Does My Job Have To Be My Life Purpose?
Imagine that you possess the power to predict the future and instantly know the best career choice for you. With 100% accuracy, you were clear on the best route to achieve your dream job. No more frustration or pain from poor career decisions. No need for uncertainty, second-guessing or regrets. Wouldn’t that be ideal? Now back to reality. There is no crystal ball. You have to continue to predict and learn through trial and error. Daniel Gilbert Ph.D., a Harvard University psychology professor, talks about his research ‘affective forecasting’ and how people often fail at predicting what they think will bring them happiness. It makes sense that when we are asked to make life-long career choices for ourselves in college, quite often we go down the wrong path. What do you do when you come to a crossroads and recognize you want to move your career in a new direction? Maybe you want something more fulfilling? How do you start over when you are past the age of 30? Many of us are confronted with this dilemma and it isn’t an easy choice to make. Here are three tips to think about before switching your career: • Are you in the wrong JOB or are in you in the wrong CAREER? It is normal to outgrow the role or company you are in. But do you need to run as far away as possible or just seek a new challenge? • What is your financial plan? Switching into a new career or starting your own business often involves many types of business and financial risks. And while I believe that taking risks often leads to terrific rewards, failing to realistically assess such risks can be financially catastrophic. • What do you really want from this career change? Maybe, just maybe, you don’t want a different career at all. Consider that you might just want to feel inspired, bring forward new aspects of yourself and exercise new skills. Can you get this feeling from extracurricular activities or by bringing new energy into your current career? We spend a great deal of our lives working and it isn’t easy when you feel that you aren’t appreciated or that you have limited opportunity for self-actualization or self-expression. But here is the most important thing to consider: Any important life change should be made with your eyes wide open. Plan, plan, plan, and then plan some more. Consult with people you know, respect and trust. Develop a timetable. Commit to taking action because nothing will change unless you make it change. You will find that bringing energy, enthusiasm and commitment into this process will give you more control over your career. Whether you move on to a new venture or reinvent your current position, you will make an informed decision and the choice will be yours. The good news about making career choices in adulthood is that now that you have more life experience under your belt, you also have a stronger gut instinct. Listen to it and trust that you have the power to create the best possible outcome.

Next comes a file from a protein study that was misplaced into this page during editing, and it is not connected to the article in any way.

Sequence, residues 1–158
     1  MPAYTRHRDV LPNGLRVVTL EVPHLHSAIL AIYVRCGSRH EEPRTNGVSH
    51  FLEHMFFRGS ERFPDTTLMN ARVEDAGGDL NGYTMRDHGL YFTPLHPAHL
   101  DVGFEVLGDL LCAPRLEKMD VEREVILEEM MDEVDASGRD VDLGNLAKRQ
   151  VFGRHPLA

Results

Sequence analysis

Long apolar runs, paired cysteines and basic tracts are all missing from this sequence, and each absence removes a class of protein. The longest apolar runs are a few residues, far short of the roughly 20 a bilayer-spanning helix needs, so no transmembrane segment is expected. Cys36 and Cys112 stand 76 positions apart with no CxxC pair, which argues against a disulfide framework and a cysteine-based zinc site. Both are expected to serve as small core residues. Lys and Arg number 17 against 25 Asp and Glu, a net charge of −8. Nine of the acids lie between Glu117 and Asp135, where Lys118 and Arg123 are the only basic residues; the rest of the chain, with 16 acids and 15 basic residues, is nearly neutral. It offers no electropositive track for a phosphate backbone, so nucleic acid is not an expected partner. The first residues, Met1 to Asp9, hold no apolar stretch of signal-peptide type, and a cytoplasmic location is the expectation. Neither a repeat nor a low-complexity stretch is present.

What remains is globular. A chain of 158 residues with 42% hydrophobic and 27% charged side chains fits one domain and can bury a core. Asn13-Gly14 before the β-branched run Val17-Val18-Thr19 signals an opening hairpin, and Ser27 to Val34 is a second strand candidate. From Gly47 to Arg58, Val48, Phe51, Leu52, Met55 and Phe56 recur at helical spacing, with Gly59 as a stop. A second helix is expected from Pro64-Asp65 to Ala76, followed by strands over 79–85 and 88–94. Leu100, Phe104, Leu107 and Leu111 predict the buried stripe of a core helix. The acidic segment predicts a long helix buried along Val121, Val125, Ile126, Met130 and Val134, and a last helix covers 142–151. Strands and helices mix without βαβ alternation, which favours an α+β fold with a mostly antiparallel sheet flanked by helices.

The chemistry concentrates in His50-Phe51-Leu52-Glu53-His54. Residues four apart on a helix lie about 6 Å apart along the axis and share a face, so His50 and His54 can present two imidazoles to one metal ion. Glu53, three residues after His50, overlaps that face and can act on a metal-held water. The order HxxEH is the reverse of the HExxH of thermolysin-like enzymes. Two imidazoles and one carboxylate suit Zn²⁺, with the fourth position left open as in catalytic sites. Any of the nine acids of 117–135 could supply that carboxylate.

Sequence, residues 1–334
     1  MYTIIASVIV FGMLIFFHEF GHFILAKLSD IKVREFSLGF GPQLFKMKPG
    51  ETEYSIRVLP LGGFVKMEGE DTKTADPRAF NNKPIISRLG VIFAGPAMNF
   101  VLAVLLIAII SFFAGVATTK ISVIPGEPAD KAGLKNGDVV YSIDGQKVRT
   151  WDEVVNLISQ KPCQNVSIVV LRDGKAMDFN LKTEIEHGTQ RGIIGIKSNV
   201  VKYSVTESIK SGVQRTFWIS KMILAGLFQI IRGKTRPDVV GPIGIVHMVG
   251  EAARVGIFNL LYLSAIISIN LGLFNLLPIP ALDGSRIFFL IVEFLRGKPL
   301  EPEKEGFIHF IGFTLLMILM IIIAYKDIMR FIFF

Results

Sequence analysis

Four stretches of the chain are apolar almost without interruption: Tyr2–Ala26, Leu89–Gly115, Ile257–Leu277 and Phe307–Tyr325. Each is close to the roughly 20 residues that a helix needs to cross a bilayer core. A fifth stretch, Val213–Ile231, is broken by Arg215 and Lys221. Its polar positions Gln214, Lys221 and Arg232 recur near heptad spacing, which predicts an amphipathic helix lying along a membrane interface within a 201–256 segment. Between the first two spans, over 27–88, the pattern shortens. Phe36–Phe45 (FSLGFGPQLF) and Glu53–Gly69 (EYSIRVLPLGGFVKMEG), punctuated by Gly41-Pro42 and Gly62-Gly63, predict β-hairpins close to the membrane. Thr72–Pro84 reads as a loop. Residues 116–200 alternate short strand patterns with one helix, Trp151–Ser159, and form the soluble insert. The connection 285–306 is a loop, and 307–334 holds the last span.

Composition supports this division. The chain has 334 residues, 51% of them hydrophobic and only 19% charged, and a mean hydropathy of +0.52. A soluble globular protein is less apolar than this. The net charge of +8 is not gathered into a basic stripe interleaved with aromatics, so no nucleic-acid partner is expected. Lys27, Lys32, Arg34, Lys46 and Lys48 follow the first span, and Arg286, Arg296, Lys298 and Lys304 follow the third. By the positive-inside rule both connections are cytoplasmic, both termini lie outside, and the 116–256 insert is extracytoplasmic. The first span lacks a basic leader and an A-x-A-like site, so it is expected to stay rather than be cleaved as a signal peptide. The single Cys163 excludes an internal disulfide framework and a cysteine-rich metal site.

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Sending you peaceful thoughts and wishes for brighter days.